Yemen’s 20th Century Wars [Archives:1998/34/Law & Diplomacy]

August 24 1998

Dr. Salah Haddash,
Managing Editor, YT.
War is a state of extended violence launched by one or more states on another. Many people have suffered worldwide from wars. Fortunately, humanity has reached many agreements and treaties in order to avoid wars and minimize their damage.
The 20th century has been especially hard as it witnessed two global wars and many many local and regional conflicts. We in Yemen have had our fair share.
There have been too many violent events which have taken place on Yemen’s territory – both North & South. This article will highlight some of the major events.
1) Imam & the Ottomans:
The second Ottoman domination of the northern part of Yemen extended between 1872 and 1918. There were many revolts and wars against the Turks.
Yahya, who was chosen as Imam in 1905, had led a war against the Ottomans since 1904. He continued until 1910 with the signing the Da’an Treaty in 1911.
2) First World War
The First World War had an impact on Yemeni since the Ottomans, who were in the north, fought the British in the south. Their forces advanced right down to Lahaj when the armistice was signed.
3) Imam & the British :
The northern part of Yemen (the Mutawakilite Kingdom of Yemen) gained its independence in 1919. Imam Yahya, the ruler of this kingdom, began to expand his authority over the different parts of Yemeni tribes and their territories. The main motive of his expansion was to re-establish a great kingdom on the territory known since ancient times as “Yemen”.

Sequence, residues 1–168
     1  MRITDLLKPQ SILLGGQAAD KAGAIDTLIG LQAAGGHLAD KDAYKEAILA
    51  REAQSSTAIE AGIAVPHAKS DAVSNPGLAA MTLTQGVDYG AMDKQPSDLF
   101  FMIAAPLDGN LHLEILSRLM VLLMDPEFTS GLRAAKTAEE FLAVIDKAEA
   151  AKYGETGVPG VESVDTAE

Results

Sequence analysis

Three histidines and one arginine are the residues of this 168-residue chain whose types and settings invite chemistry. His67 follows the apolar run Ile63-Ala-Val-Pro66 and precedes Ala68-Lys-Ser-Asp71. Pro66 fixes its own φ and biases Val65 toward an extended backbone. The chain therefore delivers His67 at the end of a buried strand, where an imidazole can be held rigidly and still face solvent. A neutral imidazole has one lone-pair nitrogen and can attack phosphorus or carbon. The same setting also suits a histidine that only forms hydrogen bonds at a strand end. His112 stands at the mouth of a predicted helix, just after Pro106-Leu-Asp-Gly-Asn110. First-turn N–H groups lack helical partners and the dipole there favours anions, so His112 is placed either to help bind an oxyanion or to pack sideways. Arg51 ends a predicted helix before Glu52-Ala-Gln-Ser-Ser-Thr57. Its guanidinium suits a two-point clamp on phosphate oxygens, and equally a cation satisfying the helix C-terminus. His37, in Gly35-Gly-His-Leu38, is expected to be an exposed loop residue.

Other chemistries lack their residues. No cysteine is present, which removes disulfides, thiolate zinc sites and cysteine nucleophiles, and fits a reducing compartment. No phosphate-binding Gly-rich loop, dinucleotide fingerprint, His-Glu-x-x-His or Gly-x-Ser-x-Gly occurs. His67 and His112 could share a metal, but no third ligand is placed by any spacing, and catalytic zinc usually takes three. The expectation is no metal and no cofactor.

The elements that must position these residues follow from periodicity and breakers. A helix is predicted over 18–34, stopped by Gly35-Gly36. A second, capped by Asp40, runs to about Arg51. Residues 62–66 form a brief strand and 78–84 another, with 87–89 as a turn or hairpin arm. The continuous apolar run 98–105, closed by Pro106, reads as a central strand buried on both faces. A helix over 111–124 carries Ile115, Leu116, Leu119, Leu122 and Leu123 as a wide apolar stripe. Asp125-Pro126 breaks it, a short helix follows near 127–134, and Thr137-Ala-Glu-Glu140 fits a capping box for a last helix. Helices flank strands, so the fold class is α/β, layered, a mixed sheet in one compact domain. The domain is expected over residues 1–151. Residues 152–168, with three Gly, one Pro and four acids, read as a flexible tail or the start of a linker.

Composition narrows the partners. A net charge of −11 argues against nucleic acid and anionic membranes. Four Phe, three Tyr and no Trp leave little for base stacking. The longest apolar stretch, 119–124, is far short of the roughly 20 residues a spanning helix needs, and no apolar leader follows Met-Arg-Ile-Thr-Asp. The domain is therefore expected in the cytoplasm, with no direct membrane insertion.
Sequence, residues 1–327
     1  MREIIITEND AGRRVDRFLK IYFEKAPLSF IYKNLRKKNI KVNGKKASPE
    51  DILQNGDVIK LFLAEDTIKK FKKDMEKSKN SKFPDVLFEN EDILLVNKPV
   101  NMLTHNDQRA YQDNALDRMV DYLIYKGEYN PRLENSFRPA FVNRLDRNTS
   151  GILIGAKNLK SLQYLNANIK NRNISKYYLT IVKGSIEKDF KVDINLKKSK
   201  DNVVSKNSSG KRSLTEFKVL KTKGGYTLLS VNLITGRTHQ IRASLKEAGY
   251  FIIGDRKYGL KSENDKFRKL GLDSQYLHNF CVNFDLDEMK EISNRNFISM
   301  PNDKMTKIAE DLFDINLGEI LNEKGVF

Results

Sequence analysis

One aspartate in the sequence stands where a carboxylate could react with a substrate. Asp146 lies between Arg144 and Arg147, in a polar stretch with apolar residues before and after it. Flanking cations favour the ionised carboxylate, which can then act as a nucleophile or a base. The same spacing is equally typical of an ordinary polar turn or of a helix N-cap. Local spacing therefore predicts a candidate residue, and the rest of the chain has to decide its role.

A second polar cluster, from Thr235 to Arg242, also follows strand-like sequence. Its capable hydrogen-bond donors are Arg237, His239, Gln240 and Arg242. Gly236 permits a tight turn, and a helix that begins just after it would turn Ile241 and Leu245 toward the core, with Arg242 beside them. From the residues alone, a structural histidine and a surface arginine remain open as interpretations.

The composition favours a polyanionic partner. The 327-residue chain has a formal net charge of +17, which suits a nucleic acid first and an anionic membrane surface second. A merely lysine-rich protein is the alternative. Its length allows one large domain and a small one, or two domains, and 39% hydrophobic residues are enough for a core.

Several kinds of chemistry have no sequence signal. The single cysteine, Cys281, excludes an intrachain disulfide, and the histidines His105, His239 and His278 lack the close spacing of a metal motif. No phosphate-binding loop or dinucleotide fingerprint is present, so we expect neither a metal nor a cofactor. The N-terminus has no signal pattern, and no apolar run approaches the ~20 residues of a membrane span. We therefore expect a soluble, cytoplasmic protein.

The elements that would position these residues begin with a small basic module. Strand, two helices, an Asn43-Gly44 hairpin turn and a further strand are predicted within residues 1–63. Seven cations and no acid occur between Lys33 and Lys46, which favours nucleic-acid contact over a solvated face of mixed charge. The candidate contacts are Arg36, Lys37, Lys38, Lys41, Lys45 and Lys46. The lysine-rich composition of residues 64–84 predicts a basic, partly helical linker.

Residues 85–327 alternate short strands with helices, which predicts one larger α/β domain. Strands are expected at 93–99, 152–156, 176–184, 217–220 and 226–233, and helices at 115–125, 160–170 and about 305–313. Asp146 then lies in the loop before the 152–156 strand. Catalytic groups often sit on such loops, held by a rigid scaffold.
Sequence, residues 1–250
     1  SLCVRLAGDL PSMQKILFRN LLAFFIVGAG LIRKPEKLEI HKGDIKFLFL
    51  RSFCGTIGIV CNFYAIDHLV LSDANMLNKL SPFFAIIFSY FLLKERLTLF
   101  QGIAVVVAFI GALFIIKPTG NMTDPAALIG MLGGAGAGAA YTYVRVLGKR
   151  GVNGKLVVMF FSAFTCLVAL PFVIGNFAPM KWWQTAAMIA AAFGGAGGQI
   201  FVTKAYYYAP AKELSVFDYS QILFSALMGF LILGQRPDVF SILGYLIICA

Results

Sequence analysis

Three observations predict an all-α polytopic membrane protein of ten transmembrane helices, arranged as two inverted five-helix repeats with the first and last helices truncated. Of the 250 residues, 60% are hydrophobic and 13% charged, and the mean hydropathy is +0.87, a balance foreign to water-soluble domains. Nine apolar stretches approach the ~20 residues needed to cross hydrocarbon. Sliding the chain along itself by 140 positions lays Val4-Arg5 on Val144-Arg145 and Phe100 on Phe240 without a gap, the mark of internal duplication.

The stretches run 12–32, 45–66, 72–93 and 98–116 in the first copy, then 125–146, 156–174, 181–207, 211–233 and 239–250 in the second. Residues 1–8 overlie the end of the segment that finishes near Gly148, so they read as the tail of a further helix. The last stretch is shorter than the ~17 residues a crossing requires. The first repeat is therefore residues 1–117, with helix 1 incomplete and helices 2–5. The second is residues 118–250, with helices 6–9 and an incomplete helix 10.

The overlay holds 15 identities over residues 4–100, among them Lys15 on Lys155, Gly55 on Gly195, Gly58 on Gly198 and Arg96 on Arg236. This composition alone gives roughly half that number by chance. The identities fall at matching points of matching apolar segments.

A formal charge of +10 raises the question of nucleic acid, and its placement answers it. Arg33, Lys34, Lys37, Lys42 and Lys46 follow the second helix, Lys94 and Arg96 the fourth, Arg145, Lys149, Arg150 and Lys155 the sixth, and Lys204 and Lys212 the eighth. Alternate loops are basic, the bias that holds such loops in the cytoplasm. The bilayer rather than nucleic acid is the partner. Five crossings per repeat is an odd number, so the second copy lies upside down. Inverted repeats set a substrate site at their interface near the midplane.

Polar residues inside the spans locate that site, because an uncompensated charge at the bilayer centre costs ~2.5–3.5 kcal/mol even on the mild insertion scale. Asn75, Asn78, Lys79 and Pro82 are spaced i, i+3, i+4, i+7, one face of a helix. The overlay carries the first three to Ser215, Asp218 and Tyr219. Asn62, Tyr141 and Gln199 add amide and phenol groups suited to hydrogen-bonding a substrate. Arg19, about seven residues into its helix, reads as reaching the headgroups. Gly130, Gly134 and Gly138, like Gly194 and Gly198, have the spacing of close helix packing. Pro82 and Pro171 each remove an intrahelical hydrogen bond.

Military clashes took place between the Imam’s army and the British forces on the border, which was demarcated by the Ottoman (north) and the British (south). This war was terminated by signing a treaty of friendship and cooperation in 1934.
4) Second World War
Italian war planes bombarded British positions in South Yemen, particularly in and around Aden. Many civilian Yemenis died or were injured.
5) Imam & Saudi Arabia:
King Abdulaziz of Saudi Arabia was out to create a great kingdom of his own. His expansions came in conflict with Imam Yahia. A war broke out between Yemen and Saudi Arabia over a dispute on the territories of Asir, Najran and Jaizan. This was terminated in 1934 by signing the Treaty of Tayif, which is supposed to be renewable every 20 hijri years.
6) Imam and The British (Shabwa, Al-Baidah, Harib):
For the second time, the Yemeni Imam and the British fought a war on the border. This was because the border line which separated north and south Yemen was not clearly demarcated in the 1934 treaty. The second reason was oil. This dispute was resolved by the London Conference of 1951.
7) Republicans vs. Royalists (1962-1970):
On 26 September 1962, a group of Yemeni army officers called the “Yemeni Free Officers” took power in North Yemen. They abolished the monarchy and proclaimed a republic. This event led to a war between Yemeni Republicans, supported by Egypt, and the Royalists who were supported by Saudi Arabia. This war started in 1962. A national reconciliation terminated it in 1970.
8) War of Liberation (1963-1967):
The National Front for the Liberation of South Yemen (NFLOSY) started a war of independence. It fought British colonial rule. This guerrilla war started on 14th October 1963, and continued until 30 November 1967 when South Yemen became independent, and a new state was established.
Another organization – Front for the Liberation of South Yemen (FLOSY) – was established in 1964 and waged war against the British.
9) South Yemen & Saudi Arabia (1968):